Medical Mystery: The Smallest People in the World

Kristin is a primordial dwarf. She from a rare disease that retards her growth.

ByABC News
October 13, 2008, 8:10 AM

Jan. 8, 2007 — -- Although Kenadie Jourdin-Bromley is 3½ years old, she is only 27 inches tall and weighs about 10 pounds, the same as a 1-month-old infant.

Kenadie is a primordial dwarf.

"They are the smallest children in the world, and it is a big mystery as to why they are so small. We just don't know," said Dr. Charles Scott, one of the world's experts on the condition.

Scott is the co-director of the Skeletal Dysplasia Program at Alfred I. DuPont Hospital for Children. He estimates that Kenadie's condition, primordial dwarfism, is so rare that there are only about 125 people like her in the United States and Canada.

Primordials, unlike other dwarfs, have what are considered normal proportions, but their growth is retarded almost from the moment of conception. In fact, the name of the condition comes from one of the definitions of the word primorial -- "from the moment of conception."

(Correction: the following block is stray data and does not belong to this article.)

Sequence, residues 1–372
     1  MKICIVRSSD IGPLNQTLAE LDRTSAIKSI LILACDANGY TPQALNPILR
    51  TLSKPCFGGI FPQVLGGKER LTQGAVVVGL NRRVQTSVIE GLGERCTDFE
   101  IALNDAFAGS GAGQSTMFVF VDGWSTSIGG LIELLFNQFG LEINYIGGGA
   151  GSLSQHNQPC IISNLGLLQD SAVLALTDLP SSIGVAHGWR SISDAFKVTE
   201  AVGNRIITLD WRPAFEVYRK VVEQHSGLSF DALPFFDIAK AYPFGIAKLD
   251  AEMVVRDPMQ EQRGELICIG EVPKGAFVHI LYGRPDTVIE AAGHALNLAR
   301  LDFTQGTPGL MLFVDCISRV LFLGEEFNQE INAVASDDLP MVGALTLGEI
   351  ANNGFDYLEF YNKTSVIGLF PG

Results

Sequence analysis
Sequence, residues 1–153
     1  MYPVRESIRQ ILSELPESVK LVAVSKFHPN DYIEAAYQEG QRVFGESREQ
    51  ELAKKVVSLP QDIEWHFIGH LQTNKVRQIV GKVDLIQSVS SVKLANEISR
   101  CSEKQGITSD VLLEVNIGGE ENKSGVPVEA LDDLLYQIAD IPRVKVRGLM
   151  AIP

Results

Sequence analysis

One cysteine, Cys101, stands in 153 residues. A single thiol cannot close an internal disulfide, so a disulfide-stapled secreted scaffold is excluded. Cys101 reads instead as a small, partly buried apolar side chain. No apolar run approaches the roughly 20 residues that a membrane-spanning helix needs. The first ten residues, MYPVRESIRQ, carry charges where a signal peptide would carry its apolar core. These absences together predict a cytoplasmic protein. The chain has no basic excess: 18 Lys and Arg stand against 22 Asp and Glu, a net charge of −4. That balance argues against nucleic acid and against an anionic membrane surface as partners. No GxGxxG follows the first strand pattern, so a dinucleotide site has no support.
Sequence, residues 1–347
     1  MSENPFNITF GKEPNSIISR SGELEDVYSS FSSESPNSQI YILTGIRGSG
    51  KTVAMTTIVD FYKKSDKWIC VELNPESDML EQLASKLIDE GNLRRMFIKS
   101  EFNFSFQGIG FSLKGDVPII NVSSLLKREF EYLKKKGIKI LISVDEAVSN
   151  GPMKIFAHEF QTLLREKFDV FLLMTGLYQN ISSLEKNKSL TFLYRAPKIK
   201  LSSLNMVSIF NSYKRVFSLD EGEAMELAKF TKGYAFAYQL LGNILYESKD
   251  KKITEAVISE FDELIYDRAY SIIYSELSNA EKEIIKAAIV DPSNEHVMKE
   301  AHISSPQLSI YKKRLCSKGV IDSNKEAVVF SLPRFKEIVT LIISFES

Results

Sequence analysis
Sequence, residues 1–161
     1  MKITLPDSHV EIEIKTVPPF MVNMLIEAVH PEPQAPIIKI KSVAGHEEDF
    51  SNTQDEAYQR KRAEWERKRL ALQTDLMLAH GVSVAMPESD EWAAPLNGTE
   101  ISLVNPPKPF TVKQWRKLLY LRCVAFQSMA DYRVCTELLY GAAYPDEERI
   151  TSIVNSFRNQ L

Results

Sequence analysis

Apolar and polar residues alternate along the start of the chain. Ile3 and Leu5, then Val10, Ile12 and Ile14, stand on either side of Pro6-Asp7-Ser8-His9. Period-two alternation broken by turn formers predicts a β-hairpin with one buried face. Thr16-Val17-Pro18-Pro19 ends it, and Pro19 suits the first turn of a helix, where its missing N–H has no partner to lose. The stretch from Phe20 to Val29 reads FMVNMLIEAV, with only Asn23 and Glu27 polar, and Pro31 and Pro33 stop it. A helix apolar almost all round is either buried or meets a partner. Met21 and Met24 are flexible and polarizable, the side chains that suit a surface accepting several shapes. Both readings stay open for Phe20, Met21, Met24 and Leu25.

Kenadie weighed only 2½ pounds when she was born. Her hand was as big as a quarter, and her foot was only an inch and a half long.

"I just want to hear her cry. If she cries," Kenadie's mother, Brianne Jourdin-Bromley, said she remembered thinking. "Then she's alive. And then we just heard this tiny, tiny little meow."

Kenadie was so small that nurses called her "Thumbelina." Doctors who had never seen a child as small as she was warned that the prognosis was not good.

"They really believed that she could not live," Brianne said. "And then you go back to her and you'd think, 'Well, how can she not be OK? She's so perfect.'"

Thinking back to Kenadie's birth, her proud father, Court Bromley, said, "I have never seen something so incredible and so perfectly formed."

Little did Brianne and Court know that they both carried a defective gene that gave them a one in four chance of having a child like Kenadie.

"The only way they're identified is after they've had one child," Scott said. "There's nothing we know that causes that mutation. Nothing that you can do to fix it or change it. It's purely chance."